A CENTRAL figure at York City for more than 40 years is to be remembered with a fitting tribute.

One of four apartment buildings to form part of the new housing development on the former Bootham Crescent football ground is to be named after long-time York City manager Tom Lockie.

Following submissions put forward by fans of the club, York based housebuilder Persimmon has had the proposal formally approved by City of York Council and Royal Mail.

The ground which opened in 1932, was the home of the Minstermen until the club’s final competitive match there in December 2020.

As previously revealed, Persimmon have said the three street names and four three-storey apartment buildings will all honour players and managers who graced the turf and dugouts of Bootham Crescent.

READ MORE: York post war footballing hero to be immortalised in city

The Press, working with Persimmon and the players' families, will reveal the name of each individual and their story in the coming weeks.

There are currently 93 new homes are being built on the site which includes four, three-storey apartment buildings with Persimmon working with the council over recent months to have the buildings named after York City fan favourites. Lockie worked at the club between 1933 and 1967 as a player, trainer, physio and manager and was key in ensuring football continued during the Second World War.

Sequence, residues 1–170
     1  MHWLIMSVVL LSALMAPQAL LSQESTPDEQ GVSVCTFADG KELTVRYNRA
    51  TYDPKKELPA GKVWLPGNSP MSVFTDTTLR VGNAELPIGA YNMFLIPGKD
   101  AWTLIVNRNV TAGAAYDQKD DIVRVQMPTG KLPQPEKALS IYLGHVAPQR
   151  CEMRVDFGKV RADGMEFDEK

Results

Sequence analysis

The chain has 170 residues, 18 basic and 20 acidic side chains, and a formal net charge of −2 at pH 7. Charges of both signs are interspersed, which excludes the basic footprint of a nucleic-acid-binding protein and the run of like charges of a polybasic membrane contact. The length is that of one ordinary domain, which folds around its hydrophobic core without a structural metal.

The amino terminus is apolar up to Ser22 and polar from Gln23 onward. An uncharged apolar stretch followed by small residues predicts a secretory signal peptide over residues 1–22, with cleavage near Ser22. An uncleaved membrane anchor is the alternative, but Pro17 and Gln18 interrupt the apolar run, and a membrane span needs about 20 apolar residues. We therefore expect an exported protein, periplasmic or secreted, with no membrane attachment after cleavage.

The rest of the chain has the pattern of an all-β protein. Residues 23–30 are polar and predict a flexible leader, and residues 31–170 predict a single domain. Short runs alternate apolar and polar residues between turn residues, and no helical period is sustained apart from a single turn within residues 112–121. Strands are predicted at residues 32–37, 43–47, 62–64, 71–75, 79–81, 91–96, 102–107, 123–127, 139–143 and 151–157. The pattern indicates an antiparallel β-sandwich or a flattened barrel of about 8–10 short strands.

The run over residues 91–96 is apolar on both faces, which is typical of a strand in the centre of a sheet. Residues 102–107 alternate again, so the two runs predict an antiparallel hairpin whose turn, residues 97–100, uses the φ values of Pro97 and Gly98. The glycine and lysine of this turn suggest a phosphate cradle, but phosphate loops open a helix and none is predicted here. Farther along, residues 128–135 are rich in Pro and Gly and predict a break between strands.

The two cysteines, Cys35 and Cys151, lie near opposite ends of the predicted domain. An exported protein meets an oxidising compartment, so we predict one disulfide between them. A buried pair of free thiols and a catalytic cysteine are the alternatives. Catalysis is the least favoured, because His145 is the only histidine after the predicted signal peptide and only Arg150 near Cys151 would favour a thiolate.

He joined the club initially as a centre half, and made 32 appearances during the 1933/34 season before joining Accrington Stanley. He then returned to City in 1936, initially taking the position of reserve team trainer before being promoted to the same role for the first team within 12 months.

He was trainer during City’s 1937/38 FA Cup run to the quarter finals and worked alongside secretary Billy Sherrington managing team affairs on an interim basis during the celebrated run to the semi-finals in 1955.

Perhaps just as vital was the work he undertook during the war years, becoming a central figure in running the team when football was a welcome distraction from the reality of wider events.

Regularly praised by players and officials alike for his dedication, Lockie was awarded a testimonial in 1952, and was later to manage the club between 1960 – 1967, leading the team to promotion in 1964/65.

Lockie passed away in York aged 71 in 1977.

Judith Brisby, Tom Lockie’s daughter, said: “For my father’s name to be preserved at Bootham Crescent is absolutely magnificent, my family are all so proud and I know that my dad would be thrilled to bits that he had been remembered all these years on for what he did for the club.

“He absolutely lived for York City - playing and working at Bootham Crescent and so we’re delighted that his name will live on in this way.”

York Press: Tom Lockie's children, Richard Lockie, Ann Warrington and Judith Brisby at Bootham Crescent with Ian McAndrewTom Lockie's children, Richard Lockie, Ann Warrington and Judith Brisby at Bootham Crescent with Ian McAndrew (Image: Persimmon)